Another alternative wine closure

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By The Glass

AT ONE of my wine dinners in Alba, Italy, I had a beautiful Nebbiolo d’Alba from Giacomo Brezza, their Vigna Santa Rosalia 2017 vintage. This wine was a fresh and approachable expression of the normally rustic Nebbiolo (when young), and exuded nice floral, red fruit, peppery, and spicy notes that accompanied our antipasti. Aside from the pleasure of having 4th generation Giacomo Brezza owner Enzo Bressa seated next to me, I also saw a closure that I rarely have seen for wine bottles. It looks like an ordinary wine stopper but is made of glass and looks much classier and more elegant. Also, no need for a corkscrew to open the wine.

I found out from Enzo Bressa that this closure is called Vino-Lok — a German engineered product that came on the market in 2003 and is being produced by crystal glass producer Preciosa from the Czech Republic. Vino-Lok or Vino-Seal (as it is called in the US) is a hermetic bottle seal that uses glass as a stopper and has an elastic polymer ring to keep oxygen out. Like screwcaps, it also prevents TCA (trichloroanisole) contamination, also known as cork taint, which is the main issue with natural corks. Vino-Loks are also reusable and resealable. Enzo actually demonstrated how snugly fit this closure was on the bottle as he resealed his wine and shook the bottle upside down without spilling. Giacomo Brezza became the first winery in Barolo to use Vino-Lok, and has done so for over 10 years now. Enzo said their winery has been extremely happy using this closure, and, more importantly, there have been no complaints from their customers.

Vino-Lok is still pretty much a niche in the wine industry. Given that this closure has been available since 2003, and I only got to see it earlier this year already tells me that Vino-Lok has not gone mainstream yet. Out of hundreds of thousands of wineries existing in the world, and Italy has probably the bulk of them, only 300-400 wineries are using this closure. The reason is probably the cost.

According to Enzo Bressa, Vino-Lok costs easily 20% more than cork, and is much more expensive than a screwcap. Also, there is the issue of bottling machines — this type of closure may need a compatible bottling system that can obviously add to the cost of wine production.

As far as I am concerned, the most convincing argument for Vino-Lok being a great alternative to natural cork is its environment-friendly quality. Glass is only made from natural materials and it is 100% recyclable, something screwcaps made from aluminum cannot claim.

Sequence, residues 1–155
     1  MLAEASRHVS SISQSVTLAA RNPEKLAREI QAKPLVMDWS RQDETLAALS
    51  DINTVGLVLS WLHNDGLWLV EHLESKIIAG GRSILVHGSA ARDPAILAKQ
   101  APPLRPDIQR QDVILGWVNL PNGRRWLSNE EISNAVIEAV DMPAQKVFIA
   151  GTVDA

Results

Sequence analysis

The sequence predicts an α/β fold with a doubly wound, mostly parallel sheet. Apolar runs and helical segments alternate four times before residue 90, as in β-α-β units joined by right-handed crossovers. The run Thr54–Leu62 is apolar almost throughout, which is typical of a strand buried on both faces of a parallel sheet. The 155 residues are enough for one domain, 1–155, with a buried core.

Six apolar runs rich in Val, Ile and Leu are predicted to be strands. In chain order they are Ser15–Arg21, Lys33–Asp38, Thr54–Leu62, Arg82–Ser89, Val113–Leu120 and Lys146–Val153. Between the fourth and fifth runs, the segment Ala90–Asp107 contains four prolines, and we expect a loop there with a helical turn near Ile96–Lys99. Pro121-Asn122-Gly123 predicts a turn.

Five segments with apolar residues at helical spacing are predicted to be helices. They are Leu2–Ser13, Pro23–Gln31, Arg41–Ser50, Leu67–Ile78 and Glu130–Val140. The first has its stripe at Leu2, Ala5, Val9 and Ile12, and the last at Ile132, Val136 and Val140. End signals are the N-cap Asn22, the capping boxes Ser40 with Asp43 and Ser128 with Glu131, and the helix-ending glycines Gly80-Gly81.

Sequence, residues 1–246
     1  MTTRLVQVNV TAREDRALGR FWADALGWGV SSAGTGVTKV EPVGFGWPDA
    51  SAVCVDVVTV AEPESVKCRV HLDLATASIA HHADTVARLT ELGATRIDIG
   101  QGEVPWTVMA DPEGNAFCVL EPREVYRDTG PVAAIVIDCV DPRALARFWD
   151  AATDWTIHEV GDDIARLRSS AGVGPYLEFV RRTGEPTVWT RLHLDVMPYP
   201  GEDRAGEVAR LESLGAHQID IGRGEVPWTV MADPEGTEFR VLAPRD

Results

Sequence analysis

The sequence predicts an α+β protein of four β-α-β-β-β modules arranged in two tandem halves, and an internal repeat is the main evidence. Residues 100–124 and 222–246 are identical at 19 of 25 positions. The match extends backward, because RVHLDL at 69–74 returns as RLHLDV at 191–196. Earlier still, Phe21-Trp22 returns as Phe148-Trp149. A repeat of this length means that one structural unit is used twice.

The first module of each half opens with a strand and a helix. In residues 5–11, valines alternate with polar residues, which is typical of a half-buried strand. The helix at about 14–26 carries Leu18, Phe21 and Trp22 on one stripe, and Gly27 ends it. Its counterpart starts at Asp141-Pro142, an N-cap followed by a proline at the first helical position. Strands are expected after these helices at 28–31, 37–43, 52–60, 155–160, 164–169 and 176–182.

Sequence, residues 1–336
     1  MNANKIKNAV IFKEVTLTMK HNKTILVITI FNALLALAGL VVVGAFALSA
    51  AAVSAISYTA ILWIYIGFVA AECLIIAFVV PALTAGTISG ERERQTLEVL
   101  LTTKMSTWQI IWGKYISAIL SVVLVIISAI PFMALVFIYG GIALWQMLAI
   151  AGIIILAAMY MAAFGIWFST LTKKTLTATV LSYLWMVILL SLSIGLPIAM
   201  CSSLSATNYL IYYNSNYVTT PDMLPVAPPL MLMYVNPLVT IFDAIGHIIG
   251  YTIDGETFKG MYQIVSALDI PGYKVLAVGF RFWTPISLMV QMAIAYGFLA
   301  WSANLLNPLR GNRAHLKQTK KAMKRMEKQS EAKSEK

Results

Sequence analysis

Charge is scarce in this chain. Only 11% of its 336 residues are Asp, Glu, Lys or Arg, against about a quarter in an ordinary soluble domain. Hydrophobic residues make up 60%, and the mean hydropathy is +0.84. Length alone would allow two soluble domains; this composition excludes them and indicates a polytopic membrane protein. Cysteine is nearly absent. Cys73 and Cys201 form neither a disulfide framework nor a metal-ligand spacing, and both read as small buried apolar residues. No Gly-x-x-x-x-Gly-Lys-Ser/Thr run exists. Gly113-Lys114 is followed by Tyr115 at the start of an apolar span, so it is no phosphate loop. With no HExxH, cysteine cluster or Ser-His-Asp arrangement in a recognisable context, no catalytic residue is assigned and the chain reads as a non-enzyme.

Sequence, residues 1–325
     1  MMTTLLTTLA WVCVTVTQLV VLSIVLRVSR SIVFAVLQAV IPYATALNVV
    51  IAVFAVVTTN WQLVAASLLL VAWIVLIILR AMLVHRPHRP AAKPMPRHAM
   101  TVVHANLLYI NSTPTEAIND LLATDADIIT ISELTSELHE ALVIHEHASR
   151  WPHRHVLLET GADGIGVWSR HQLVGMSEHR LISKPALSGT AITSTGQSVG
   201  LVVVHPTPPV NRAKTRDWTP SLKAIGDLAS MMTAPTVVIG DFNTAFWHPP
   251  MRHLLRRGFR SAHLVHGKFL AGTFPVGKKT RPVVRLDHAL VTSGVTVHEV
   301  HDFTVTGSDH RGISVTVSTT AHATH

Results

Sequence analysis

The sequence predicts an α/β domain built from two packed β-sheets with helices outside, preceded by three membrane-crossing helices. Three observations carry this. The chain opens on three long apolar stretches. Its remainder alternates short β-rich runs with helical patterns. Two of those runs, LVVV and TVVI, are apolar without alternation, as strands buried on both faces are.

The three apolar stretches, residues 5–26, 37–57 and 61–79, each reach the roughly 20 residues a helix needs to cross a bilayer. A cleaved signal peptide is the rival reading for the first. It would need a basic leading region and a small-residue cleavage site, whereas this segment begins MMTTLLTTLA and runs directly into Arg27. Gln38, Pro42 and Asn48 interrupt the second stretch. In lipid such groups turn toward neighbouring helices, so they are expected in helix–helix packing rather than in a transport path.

I first heard about the Vino-Lok closure when Henschke, Australia’s premier winery, decided to use this closure for their iconic wine Hill of Grace, a wine that costs P40,000 in the Philippines. Henschke already raised some eyebrows when in 2005, they bottled their Hill of Grace, easily one of Australia’s most expensive wines, with Stelvin, the pioneering brand of screwcap. Henschke then switched from Stelvin to Vino-Lok in 2011, with their 2008 Hill of Grace vintage the first using this new closure.

And for me, the Vino-Lok looks much better for the Hill of Grace. The winery I am sure must have believed in the age-ability and cellaring potential of this closure to go right ahead with this move.

When I look at Vino-Lok, I see this closure as a better fit for spirits and fortified wines — those types of alcoholic beverages you do not finish in one sitting. The glass stopper adds more stature to the usual closure known as the bar top stopper made from cork, synthetics, or a combination. The resealable and snug-fit qualities of Vino-Lok make it really ideal for a good vintage port. And it looks very aesthetically pleasing as well.

The Vino-Lok is certainly not an original idea as I have seen various types of glass closures for the longest time. What is top of mind is the elegant glass stopper used by the super expensive cognac Louis XIII. I think I still see some of these old bottles at home since my parents would not throw them away. But using Vino-Lok for ports, sherries and spirits make a lot of sense.

I am still on the fence whether this is a wine closure I like. What matters to me is if I can get some of my favorite Grand Cru Bordeaux to accept this glass closure over their perennial cork. The Grand Cru Bordeaux would not touch Stelvin with a 10-foot-pole, but who knows if Vino-Lok could change that.

The jury is, however, still out if Vino-Lok can age wines as well as tradition-proven cork closures. I do hope to see, 20 years from now, my kids coming over to celebrate Father’s Day, bringing with them a nice vintage Pauillac bottle that has a shiny glass stopper underneath its capsule.

The author is a member of the UK-based Circle of Wine Writers (CWW). For comments, inquiries, wine event coverage, wine consultancy and other wine related concerns, e-mail the author at or via Twitter at